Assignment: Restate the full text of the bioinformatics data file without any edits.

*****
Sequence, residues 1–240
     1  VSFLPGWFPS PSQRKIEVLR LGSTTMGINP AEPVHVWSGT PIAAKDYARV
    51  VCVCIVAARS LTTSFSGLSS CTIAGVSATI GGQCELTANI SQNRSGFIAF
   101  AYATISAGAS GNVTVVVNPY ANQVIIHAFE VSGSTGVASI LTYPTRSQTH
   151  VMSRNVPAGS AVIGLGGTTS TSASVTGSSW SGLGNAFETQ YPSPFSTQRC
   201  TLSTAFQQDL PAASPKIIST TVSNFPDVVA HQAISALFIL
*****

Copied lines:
Sequence, residues 1–240
     1  VSFLPGWFPS PSQRKIEVLR LGSTTMGINP AEPVHVWSGT PIAAKDYARV
    51  VCVCIVAARS LTTSFSGLSS CTIAGVSATI GGQCELTANI SQNRSGFIAF
   101  AYATISAGAS GNVTVVVNPY ANQVIIHAFE VSGSTGVASI LTYPTRSQTH
   151  VMSRNVPAGS AVIGLGGTTS TSASVTGSSW SGLGNAFETQ YPSPFSTQRC
   201  TLSTAFQQDL PAASPKIIST TVSNFPDVVA HQAISALFIL